pontificate of Urban XI. who had depofed Geo.froy, our
author's predeceffor in the fee, for divers crimes whereof he
was accufed. Ives particularly fignalized his zeal againit
Philip 1. who had put away his wife Bertha of Holland, and
taken Bertrade of Montford, the wife of Fouques de Requin,
count of Aiijou. This divorce was contrary to the ecclefi-
aftical law ; and the affair would have been attended with bad
confequences, had not the prince been prudently managed by
fome about him. After this, the bifhop employed himfelf
wholly in the functions of his miniftry, made leveral religious
foundations, and died 1115, at the age of 80. His corpfe
was interred in the church of St. John in the Vale, which he
had founded. Pope Pius V. by a bull, dated Dec. 18, 1570,
permitted the monks of the congregation of Late ran to cele-
brate the fe nival of St. Ives. We have, of his compiling,
" A Collection of Decrees ;" " Exceptiones ecclefiafticarum
regularum ;" befides " 22 Sermons," and a " Chronicon ;"
all very important pieces, which were put together, in 1647,
by John Baptitl Souciet, a canon of Chartres, in one vol.
folio, divided into parts. The " Decrees" were printed in
1561, and there has been another edition fince.

A collection of canons called the " Pannomia," or <( Pa-
normia," and forne other pieces printed in the *' Bibliotheca
patrum," arealfo afcribed to our bilhop; whole body, which
the worms had fpared, is laid to have been dug up and abufed
by the Proteflants, during the rage of the civil wars in

IVES (JoHN), was the only fon of one of the moft emi-
nent merchants at Yarmouth. He was entered ot Caius-
college, Cambridge, where he did not long relide ; but, re-
turning to Yarmouth, became acquainted with that celebrated
antiquary Thomas Martin of Palgrave, and caught from him
that tafte for antiquities which he purfued during the fhort
period of his life. He was defied F. S. A. 1771, and F. R. S.
5772; and, by favour of the earl of Suffolk, in him the
honour of Suffolk Herald Extraordinary was revived ; an
office attended with no profit, but valuable to him by the
accefs it gave to the MSS. muniments, &c. of the Heralds
college, of which he thereby became an honorary member.
His Srfl attempt at antiquarian publication was by propofals
(without his name), in 177!} for printing an account of


I V E S. 45

Lothingland hundred in Suffolk ; for which he had engraved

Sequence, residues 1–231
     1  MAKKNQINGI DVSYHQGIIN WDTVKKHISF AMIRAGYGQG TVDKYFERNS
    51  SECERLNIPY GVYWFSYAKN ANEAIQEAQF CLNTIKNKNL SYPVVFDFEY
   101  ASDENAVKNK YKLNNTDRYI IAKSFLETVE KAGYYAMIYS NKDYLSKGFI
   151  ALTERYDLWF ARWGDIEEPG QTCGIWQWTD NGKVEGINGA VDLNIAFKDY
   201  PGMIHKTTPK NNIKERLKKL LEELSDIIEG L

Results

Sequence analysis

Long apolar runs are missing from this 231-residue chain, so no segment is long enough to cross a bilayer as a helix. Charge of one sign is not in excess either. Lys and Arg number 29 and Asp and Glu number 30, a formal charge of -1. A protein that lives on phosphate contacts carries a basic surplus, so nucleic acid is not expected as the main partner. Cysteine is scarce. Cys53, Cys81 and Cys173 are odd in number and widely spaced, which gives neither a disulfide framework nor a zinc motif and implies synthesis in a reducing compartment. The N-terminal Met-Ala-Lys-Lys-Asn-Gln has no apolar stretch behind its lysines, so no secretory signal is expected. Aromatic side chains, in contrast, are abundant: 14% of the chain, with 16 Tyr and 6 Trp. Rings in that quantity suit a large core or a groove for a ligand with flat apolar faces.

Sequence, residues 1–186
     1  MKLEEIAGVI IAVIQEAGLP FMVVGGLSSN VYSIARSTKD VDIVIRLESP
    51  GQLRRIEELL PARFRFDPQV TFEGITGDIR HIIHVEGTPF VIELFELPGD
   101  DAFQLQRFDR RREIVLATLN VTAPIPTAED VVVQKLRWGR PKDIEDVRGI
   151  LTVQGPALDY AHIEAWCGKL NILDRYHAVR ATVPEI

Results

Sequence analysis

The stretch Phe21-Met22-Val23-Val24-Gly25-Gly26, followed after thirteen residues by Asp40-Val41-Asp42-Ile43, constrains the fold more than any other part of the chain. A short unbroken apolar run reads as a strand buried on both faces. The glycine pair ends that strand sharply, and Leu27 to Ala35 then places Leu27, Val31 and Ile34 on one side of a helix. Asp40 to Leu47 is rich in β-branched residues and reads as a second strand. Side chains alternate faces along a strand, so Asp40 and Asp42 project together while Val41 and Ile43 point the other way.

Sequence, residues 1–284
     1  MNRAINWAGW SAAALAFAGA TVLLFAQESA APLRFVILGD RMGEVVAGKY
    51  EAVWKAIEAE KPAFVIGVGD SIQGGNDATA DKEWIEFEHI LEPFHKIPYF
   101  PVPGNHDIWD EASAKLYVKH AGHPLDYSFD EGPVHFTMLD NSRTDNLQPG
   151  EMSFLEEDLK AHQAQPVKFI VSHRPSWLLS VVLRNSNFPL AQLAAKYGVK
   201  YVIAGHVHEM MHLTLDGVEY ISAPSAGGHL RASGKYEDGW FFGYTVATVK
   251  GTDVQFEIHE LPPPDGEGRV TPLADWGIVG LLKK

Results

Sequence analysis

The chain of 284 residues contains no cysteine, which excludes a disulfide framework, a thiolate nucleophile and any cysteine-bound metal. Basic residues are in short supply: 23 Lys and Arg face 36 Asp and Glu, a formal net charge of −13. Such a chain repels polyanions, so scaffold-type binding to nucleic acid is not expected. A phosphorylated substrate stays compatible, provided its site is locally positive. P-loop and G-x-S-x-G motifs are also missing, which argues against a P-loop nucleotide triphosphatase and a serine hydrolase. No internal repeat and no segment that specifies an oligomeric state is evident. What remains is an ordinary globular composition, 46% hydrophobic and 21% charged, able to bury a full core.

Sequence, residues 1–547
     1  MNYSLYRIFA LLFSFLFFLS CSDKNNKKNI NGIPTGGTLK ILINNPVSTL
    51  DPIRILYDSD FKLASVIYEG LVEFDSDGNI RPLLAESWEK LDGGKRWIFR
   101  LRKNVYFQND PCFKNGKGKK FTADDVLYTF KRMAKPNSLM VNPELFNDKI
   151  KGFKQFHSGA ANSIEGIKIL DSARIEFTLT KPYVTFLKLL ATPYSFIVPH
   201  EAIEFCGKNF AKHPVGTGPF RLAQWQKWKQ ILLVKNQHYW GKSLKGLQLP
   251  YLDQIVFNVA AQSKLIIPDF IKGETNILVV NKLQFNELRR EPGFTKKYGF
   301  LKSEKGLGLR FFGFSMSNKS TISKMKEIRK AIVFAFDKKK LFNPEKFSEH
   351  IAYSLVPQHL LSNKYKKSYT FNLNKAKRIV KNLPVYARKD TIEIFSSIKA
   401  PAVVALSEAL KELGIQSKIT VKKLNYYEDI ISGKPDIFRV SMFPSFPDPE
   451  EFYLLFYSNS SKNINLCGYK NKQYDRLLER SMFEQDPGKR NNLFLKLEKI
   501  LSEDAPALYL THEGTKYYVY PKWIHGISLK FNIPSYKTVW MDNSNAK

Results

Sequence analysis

feveral imall plates of arms and monuments in the churches of
Frifton, Gorlefton, Loud, LoweftofTe, and Somerliton, from
his own drawings. His next effay was the fhort preface to
Mr. Swinden's " Hiftory and Antiquities of Great Yarmouth
in the County of Norfolk, 1772," 4to. Mr. Swinden, who
was a fchoolmailer in Great Yarmouth, was a mod intimate
friend of Mr. Ives, who not oiv'.y afftfred him with his purfe,
and warmly patronized him, while living, but fnperintended
the book for the emolument of the author's widow, and de-
livered it to the fubfcribers [R], In 1772, he caufed to be
cut nine wooden plates of old Norfolk feals, intituled,
'* Sigilla antiqua Norfolcienfia. ImprefTit Johannes Ives,
S. A. S." and a copper-plate portrait of Mr. Martin holding
an urn. Aug. 16, 1773, by a fpecial licence from the Abp.
of Canterbury, he was married, at Lambeth church, to Mils
K ett(of an ancient family in Norfolk).

In imitation of Mr. Walpble (to whom the firft number
was inicribed), Mr. Ives began in 1773 to publifh "Select
Papers [s"|," from his own collection ; of which the fecond
number was printed in 1774, and a third in 1775. In
1774, he publifhed, in 121110, " Remarks upon the Gari-
anonum of the Romans ; the Scite and Remains fixed and
defcribed ;" with the ichnography of Garianonum, two
plates, by B. T. Pouncey ; iouih view of it, Roman anti-
quities found there, map of the river Yare, from the original
in the corporation cheil at Yarmouth, and an infcription on

Online LibraryWilliam TookeA new and general biographical dictionary; containing an historical and critical account of the lives and writings of the most eminent persons in every nation; particularly the British and Irish; from the earliest accounts of time to the present period .. (Volume 9) → online text (page 5 of 48)